What is LP/Lisp?
LP/Lisp is a software tool to provide literate programming support for Lisp programmers. Literate programming is the idea that the code and the documentation for a program should form a coherent whole, a work of literature with two audiences, the computer and humans. The idea was originated by Donald Knuth, who created the WEB system (using TeX and Pascal). This has been expanded upon since then, with literate programming (LP) tools such as cweb, fweb, noweb, and so forth.
Unfortunately, the model used by these tools is not the one we usually use when programming in Lisp. Since we don’t have a write-compile-execute cycle with Lisp, these tools inject an artificial step into the process, interfering with the natural way Lisp is used.
LP/Lisp is a new LP tool that is meant to allow Lisp programmers to use LP without interfering with the normal way they program. The LP file is the Lisp file itself. Documentation and LP markup reside in the comments. Markup exists to do the usual LP-like things (definition of and reference to chunks of code, syntactic sugaring for sections and formatting, etc.). The documentation is stripped out of the comments by LP/Lisp, with code reordered and formatted as needed, to form a LaTeX file.
There have been other approaches to LP in Lisp as well (e.g., CLWEB, Scribble, pbook, etc.). These are discussed in the technical report listed below.
What is written about it?
- LP/Lisp: Literate programming for Lisp, Roy M. Turner, in Proceedings of the International Lisp Conference (ILC), Reno, NV, 2010.
- Literate Programming in Lisp: LP/Lisp, Roy M. Turner (2010). Technical report 2010-02, Department of Computer Science, University of Maine, 5752 Neville Hall, Orono, ME 04469-5752.
What is available now?
The Lisp code is available here. It has only been tested under Allegro Common Lisp, and it is unlikely to work under other Lisps at the moment, since it requires ACL’s
regexp2 package. See below.
A very simple variant is also available that piggybacks on Emacs’ Org Mode’s literate programming capabilities. While one can set up an Org Mode file to function as a literate programming source file (including executing embedded source blocks, etc.), it’s not useful for general distribution (e.g., to those not using Org Mode). Consequently, the simple variant of LP/Lisp just translates Org Mode files into Lisp and vice versa, with Org content embedded in Lisp comments when translating to Lisp and with Lisp in Org Mode code blocks when translating the other direction. The simple variant is also available here and should work on most Common Lisps.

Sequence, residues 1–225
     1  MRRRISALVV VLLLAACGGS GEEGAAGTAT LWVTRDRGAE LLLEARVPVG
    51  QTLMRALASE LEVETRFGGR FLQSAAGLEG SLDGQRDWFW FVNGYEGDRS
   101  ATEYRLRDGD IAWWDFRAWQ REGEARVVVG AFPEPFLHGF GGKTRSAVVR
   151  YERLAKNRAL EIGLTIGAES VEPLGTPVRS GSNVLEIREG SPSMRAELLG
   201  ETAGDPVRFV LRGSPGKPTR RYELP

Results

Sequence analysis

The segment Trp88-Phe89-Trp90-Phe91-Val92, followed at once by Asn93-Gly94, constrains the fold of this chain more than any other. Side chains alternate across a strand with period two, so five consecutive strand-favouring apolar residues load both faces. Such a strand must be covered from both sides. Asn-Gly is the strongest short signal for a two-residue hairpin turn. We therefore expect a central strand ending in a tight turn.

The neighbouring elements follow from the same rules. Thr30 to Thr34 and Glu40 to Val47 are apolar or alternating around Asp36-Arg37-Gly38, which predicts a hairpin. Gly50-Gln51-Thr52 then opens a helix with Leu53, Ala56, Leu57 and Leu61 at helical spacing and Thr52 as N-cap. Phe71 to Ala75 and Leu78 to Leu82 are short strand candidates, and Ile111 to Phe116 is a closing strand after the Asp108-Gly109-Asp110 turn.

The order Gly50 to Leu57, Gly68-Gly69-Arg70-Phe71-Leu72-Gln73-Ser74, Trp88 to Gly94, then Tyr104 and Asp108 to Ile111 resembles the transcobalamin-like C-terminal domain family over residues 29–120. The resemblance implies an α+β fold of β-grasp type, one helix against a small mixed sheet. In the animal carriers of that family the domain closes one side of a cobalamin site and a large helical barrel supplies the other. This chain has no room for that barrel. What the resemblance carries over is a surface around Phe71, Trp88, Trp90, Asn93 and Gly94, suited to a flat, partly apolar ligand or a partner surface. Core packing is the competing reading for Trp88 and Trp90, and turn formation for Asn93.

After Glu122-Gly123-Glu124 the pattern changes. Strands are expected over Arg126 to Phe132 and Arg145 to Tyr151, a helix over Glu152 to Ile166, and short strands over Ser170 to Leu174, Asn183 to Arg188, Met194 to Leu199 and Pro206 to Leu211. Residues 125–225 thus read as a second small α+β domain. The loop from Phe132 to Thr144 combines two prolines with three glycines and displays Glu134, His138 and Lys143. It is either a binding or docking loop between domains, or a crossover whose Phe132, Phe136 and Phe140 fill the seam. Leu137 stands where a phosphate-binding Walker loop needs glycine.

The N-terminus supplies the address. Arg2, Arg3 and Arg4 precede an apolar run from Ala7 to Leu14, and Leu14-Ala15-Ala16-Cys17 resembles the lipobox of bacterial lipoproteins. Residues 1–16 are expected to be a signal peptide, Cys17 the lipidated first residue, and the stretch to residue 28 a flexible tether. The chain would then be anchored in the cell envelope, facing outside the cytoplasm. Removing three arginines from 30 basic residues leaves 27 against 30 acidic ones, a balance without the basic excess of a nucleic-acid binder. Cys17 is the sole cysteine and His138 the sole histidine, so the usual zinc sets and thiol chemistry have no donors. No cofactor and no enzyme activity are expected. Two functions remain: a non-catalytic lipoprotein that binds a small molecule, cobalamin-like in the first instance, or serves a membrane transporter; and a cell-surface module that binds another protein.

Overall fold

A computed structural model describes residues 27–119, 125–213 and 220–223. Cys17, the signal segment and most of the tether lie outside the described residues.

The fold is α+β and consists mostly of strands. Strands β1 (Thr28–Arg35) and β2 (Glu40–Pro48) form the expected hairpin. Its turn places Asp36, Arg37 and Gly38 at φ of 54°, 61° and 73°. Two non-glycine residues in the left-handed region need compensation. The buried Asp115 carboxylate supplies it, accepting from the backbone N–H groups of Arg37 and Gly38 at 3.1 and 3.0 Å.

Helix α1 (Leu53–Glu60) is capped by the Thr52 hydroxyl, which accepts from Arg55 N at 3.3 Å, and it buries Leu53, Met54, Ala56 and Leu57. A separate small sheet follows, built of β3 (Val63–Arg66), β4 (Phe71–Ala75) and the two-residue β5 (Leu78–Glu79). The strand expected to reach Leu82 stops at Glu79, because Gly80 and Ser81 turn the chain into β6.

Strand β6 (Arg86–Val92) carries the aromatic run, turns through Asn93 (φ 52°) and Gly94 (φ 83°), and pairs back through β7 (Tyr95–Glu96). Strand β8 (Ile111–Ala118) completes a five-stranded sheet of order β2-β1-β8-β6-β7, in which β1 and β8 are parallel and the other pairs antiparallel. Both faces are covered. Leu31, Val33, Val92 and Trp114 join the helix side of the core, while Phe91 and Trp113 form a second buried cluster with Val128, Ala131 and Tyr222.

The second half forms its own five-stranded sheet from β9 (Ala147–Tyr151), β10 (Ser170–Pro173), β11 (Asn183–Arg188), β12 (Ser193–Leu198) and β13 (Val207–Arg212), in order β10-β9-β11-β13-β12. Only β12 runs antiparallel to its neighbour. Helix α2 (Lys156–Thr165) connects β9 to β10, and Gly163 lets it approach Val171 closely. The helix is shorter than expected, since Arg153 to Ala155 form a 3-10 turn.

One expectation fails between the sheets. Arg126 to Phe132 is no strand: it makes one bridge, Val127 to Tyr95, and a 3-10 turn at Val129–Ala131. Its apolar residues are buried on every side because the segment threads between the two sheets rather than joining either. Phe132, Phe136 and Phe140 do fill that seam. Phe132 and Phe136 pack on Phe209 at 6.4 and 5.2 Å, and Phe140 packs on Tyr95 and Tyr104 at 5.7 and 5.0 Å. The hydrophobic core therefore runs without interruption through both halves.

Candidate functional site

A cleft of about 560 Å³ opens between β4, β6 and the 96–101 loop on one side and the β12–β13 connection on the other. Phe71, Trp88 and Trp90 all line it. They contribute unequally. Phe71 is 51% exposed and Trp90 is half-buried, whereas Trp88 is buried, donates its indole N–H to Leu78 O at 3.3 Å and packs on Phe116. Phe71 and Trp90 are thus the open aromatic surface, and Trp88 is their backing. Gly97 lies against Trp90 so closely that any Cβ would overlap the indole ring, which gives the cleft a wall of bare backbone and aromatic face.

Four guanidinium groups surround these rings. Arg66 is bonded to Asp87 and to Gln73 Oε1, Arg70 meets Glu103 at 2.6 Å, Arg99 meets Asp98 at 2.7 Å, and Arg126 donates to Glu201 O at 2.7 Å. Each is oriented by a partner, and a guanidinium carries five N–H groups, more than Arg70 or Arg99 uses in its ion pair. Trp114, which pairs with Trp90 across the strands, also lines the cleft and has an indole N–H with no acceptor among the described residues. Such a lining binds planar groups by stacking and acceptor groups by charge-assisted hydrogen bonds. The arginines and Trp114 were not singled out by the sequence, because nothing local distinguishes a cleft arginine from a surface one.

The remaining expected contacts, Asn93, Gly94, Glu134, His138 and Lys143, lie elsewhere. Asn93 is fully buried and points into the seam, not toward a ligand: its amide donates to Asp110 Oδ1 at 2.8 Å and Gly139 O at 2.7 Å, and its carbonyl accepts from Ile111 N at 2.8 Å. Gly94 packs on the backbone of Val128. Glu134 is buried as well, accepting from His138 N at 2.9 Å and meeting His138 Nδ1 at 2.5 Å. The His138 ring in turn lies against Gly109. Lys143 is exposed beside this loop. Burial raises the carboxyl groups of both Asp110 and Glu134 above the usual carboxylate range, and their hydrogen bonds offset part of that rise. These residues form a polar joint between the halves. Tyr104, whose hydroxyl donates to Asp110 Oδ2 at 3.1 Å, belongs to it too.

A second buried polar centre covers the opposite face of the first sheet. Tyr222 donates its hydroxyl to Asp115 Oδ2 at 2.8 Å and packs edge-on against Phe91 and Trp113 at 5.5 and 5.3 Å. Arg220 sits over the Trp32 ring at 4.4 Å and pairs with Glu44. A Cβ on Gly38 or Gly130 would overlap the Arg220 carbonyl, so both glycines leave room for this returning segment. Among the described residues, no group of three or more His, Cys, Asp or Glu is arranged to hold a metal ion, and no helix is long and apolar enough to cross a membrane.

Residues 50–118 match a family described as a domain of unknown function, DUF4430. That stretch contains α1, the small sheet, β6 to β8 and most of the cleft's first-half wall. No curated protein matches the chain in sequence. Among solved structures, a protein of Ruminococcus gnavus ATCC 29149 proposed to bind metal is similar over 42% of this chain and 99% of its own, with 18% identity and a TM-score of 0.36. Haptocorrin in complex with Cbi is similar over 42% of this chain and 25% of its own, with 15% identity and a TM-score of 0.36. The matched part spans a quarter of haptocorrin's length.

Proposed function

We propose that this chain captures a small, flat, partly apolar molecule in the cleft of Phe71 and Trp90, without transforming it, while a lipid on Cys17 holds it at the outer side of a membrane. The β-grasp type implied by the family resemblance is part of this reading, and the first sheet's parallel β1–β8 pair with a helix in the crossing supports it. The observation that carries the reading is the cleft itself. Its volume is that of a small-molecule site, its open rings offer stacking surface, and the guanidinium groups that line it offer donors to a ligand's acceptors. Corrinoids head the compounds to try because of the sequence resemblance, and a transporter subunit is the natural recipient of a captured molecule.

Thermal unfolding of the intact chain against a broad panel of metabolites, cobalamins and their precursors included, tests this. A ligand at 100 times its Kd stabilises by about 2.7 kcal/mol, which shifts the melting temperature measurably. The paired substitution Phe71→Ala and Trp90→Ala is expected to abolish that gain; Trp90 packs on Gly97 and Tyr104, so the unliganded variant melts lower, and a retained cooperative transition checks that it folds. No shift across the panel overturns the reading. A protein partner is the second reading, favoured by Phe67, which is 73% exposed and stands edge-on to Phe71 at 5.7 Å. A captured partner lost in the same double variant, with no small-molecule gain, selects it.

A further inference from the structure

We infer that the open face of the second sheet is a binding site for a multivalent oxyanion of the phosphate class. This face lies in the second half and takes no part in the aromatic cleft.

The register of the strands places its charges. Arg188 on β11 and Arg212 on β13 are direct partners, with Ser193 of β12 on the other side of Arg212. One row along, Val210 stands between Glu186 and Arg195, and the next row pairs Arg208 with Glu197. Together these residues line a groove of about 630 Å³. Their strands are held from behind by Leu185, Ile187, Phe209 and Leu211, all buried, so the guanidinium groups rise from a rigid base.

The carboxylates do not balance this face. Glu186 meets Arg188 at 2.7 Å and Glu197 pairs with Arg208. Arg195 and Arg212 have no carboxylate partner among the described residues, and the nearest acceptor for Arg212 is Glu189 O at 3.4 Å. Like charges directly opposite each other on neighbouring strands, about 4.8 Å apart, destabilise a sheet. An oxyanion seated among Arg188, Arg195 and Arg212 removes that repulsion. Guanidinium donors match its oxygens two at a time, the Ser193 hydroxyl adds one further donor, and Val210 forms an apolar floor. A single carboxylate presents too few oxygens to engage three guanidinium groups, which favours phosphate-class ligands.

What is coming?
The next version is in the works, but progress is very slow. It will fix some of the syntax oddness of the current version, and it will work in multiple Lisps. It will be a complete, object-oriented rewrite. An alternate, more Lisp-y, syntax will be supported as well. It will be posted here when it’s ready. But I wouldn’t hold my breath, if I were you! ☺
Stay in touch
If you are using LP/Lisp, drop me a line to let me know, so I can send you mail when there are changes, the next version is ready, etc. Also let me know of bugs you discover or features you would like to see–this isn’t my primary project by a long-shot, but I’ll try to respond as soon as possible!
Thanks for your interest in LP/Lisp, and I hope it is useful for you.